packaging, containment and packing prior to sale with the primary purpose of facilitating the purchase and use of a product. Before 1800 packaging was restricted almost entirely to containment for shipping, with minimum levels of protection and preservation. Grocery bags, for example, were known in the 17th cent.; however, it was not until the 19th cent. that practical bag-making machinery was developed. That century saw the emergence of metal cans (1810), setup boxes (1844), folding cartons (1879), and the Owens bottle machine (1899). Early in the 20th cent., marketing-oriented packaging began to evolve and branding, quality, storage and handling, and point-of-sale display became important attributes. By the end of World War II, packaging had become a major medium of advertising and marketing. In recent years, consumer advocates have argued that packages should contain more information on nutrition, unit costs, and contents. The Fair Packaging and Labeling Act of 1966 gave the Food and Drug Administration authority to determine that packages are labeled accurately; the 1990 Nutrition Labeling Act required packages to contain more nutritional information, forcing companies to relabel about 75% of all goods carried by supermarkets. Environmental concerns have led to the passage of state and local laws requiring that some types of packages (notably bottles and cans) be recycled. Manufacturers are attempting to allay further regulation by developing and using packages that cause less damage to the environment.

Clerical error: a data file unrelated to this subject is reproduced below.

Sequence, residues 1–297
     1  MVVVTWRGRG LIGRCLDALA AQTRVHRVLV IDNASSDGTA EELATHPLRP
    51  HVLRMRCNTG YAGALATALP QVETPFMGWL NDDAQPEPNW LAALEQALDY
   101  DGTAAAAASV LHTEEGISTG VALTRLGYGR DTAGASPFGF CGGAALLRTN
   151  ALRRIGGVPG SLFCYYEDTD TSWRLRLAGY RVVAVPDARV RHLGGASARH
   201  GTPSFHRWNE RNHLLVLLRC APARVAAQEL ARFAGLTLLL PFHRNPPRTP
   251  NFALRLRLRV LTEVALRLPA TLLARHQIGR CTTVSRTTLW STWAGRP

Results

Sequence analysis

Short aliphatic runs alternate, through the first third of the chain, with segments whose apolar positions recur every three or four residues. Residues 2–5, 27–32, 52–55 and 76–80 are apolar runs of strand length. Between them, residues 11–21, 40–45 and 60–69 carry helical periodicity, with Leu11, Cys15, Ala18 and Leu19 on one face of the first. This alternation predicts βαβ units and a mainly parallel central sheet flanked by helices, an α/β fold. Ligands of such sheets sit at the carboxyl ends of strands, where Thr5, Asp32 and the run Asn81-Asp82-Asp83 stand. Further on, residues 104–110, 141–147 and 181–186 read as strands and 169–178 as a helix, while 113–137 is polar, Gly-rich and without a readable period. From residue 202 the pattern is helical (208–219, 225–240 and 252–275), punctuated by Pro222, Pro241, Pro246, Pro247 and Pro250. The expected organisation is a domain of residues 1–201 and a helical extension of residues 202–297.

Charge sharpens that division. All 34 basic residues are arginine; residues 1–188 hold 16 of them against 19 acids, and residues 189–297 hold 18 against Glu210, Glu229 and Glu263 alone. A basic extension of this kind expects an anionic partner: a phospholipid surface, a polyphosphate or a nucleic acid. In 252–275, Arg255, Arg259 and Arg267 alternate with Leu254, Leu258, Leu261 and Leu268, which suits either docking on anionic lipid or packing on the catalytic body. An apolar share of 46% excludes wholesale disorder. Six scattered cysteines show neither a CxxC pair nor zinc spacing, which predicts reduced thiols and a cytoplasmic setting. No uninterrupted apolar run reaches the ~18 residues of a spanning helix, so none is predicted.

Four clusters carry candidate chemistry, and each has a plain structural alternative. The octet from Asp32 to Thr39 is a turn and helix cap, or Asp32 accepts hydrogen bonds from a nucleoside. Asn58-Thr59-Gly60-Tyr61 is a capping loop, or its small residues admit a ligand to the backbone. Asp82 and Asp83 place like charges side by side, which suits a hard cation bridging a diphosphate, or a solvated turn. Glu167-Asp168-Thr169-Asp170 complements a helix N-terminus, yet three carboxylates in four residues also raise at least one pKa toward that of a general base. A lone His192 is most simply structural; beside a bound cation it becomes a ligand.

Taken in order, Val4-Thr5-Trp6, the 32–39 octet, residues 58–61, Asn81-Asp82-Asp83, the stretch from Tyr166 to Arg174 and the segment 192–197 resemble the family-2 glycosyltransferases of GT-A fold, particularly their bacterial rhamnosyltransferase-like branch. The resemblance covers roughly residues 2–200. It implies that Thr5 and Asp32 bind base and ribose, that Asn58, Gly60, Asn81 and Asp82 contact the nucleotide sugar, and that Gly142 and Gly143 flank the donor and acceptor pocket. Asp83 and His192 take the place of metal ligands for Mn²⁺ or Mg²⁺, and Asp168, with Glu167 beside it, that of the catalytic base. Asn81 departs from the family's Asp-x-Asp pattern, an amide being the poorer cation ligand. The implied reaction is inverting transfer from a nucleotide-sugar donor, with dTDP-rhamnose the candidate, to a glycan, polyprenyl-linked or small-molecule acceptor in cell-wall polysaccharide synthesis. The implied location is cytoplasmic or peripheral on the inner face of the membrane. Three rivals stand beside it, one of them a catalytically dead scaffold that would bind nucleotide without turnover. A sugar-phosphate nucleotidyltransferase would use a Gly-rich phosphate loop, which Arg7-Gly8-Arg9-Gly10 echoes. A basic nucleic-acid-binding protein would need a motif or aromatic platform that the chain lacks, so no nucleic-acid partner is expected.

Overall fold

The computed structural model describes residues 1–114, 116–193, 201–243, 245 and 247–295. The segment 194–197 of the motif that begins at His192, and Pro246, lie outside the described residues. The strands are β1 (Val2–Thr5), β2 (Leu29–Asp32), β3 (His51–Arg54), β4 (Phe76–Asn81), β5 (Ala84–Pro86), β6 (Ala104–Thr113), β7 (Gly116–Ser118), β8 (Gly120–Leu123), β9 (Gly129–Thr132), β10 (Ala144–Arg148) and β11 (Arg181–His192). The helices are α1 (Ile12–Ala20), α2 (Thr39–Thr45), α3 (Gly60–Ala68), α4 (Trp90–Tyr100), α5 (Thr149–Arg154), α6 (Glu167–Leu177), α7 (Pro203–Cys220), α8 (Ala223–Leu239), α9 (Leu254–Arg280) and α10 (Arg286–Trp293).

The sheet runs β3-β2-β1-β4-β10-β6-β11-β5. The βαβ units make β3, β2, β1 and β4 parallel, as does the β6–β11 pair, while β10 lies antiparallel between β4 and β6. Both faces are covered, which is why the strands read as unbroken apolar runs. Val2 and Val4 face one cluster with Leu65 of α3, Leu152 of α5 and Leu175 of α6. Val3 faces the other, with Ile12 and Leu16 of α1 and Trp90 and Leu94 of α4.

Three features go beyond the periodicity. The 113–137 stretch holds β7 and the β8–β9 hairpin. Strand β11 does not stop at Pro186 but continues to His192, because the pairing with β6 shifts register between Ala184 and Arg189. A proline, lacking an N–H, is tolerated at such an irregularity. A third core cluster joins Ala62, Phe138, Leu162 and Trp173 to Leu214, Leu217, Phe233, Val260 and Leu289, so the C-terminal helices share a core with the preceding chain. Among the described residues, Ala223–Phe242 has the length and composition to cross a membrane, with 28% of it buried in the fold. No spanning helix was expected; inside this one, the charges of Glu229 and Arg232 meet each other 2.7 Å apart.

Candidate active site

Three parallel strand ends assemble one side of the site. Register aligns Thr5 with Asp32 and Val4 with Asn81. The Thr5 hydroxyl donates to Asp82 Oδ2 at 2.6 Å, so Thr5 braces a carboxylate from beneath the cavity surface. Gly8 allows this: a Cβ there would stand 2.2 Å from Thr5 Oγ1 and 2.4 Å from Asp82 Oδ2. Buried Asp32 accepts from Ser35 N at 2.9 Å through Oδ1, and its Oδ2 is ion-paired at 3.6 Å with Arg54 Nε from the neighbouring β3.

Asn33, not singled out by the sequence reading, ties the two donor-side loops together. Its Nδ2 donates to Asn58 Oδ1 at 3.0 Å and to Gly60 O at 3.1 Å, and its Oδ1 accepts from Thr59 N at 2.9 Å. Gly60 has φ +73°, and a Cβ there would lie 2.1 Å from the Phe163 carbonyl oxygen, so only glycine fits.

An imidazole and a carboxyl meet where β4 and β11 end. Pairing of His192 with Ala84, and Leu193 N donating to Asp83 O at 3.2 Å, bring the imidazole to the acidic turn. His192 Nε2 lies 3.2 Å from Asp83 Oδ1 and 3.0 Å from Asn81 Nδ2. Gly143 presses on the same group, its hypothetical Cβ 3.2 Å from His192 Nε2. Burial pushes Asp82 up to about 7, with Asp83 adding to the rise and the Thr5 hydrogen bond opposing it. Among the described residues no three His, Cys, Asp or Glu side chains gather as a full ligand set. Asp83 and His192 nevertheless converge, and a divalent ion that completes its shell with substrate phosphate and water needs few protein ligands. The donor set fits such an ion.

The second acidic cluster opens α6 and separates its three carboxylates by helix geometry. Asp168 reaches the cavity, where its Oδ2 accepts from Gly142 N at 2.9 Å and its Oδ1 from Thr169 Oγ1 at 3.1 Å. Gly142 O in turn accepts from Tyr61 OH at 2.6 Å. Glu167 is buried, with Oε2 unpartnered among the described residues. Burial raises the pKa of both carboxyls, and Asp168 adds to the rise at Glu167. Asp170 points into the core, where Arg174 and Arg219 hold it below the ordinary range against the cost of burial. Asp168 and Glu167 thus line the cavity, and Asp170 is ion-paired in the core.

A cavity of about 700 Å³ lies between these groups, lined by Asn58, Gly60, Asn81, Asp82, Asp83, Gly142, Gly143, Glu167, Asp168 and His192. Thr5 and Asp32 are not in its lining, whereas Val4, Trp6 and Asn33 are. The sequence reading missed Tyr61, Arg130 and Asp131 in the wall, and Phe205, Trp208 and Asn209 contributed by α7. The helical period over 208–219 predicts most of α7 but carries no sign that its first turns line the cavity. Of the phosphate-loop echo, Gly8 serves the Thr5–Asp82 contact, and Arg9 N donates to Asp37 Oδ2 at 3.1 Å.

The Columbia Electronic Encyclopedia, 6th ed. Copyright © 2012, Columbia University Press. All rights reserved.
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